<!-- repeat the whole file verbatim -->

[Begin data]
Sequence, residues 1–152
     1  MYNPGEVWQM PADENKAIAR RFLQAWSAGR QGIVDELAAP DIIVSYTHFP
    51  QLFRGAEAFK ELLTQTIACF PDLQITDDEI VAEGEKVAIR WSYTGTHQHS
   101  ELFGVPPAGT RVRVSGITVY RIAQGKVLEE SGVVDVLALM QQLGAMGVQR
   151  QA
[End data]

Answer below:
Sequence, residues 1–152
     1  MYNPGEVWQM PADENKAIAR RFLQAWSAGR QGIVDELAAP DIIVSYTHFP
    51  QLFRGAEAFK ELLTQTIACF PDLQITDDEI VAEGEKVAIR WSYTGTHQHS
   101  ELFGVPPAGT RVRVSGITVY RIAQGKVLEE SGVVDVLALM QQLGAMGVQR
   151  QA